5. Hi Ralph. I thought I might register an intuitive reaction. I’d be very curious to hear any thoughts you might have. The appropriateness of the object of pleasure seems to me to affect the virtuousness or the value of the response (with Hurka) or perhaps something about meaningfulness (with Wolf) rather than welfare. But with those concepts I don’t get the switch with pain: the appropriateness of a painful response seems to make it more virtuous or meaningful rather than less.

  6. Thanks, Barry!
    As I understand you, you say that the appropriateness of a pleasure affects its “virtuousness or value”, Now, these terms can be interpreted in various ways. For example, on some interpretations, being non-culpably mistaken is irrelevant to the “virtuousness” of one’s response — although as I using the term ‘appropriate’, it prevents one’s response from being “appropriate”. So, how are you using these terms here?
    I suggest that, as you are using the terms, the appropriateness of a pleasure just is its virtuousness: appropriateness “affects” virtuousness in the trivial sense that it is one and the same quality. So, of course, we don’t get a switch with pain: the appropriateness / virtuousness of a pain can’t make the pain less appropriate / virtuous!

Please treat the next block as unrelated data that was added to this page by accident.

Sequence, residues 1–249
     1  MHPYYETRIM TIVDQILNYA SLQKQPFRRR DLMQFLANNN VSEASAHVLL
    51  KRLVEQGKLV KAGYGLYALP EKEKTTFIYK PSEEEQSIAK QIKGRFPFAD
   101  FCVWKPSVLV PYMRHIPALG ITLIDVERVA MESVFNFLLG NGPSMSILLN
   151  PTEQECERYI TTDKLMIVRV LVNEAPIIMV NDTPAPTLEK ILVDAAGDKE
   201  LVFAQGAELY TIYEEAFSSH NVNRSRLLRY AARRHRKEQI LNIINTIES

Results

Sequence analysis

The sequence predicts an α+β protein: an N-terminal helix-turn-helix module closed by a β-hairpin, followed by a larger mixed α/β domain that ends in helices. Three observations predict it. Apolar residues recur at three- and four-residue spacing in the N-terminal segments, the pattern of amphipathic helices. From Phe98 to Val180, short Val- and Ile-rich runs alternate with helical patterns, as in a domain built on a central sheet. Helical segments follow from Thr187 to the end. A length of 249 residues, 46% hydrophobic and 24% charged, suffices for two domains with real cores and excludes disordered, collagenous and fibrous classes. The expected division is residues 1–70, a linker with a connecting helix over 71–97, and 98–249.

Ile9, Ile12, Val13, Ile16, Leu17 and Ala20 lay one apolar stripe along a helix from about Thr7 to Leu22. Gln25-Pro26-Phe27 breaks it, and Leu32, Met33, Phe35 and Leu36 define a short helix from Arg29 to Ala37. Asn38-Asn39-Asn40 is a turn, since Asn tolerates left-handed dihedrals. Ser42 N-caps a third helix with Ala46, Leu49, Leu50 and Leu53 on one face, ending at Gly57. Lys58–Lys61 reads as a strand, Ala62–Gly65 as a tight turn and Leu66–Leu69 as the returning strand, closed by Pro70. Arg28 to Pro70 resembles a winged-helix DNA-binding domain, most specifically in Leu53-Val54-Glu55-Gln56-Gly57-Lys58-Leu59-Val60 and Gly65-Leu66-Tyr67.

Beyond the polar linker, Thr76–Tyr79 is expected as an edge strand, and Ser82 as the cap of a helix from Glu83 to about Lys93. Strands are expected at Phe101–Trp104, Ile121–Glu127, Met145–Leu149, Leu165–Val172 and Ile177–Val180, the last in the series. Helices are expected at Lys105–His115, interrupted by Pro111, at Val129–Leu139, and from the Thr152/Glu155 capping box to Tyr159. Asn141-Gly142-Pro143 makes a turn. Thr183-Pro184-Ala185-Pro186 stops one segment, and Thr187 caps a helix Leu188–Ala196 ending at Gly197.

At all events, if you don’t have the intuition that vicious / inappropriate pleasures contribute less to well-being than virtuous / appropriate pleasures, then I guess we do disagree. This is the basic (Platonic / Aristotelian) intuition that I am starting out from here.

  7. Thanks Ralph. I think appropriateness is necessary but not sufficient for virtue, hence not identical with it. I certainly think its an interesting rather than trivial question how appropriateness and virtue are related. As for the idea that appropriateness affects well-being: I also find this attractive. But I consider it to have the status of a desirable conclusion rather than a starting intuition.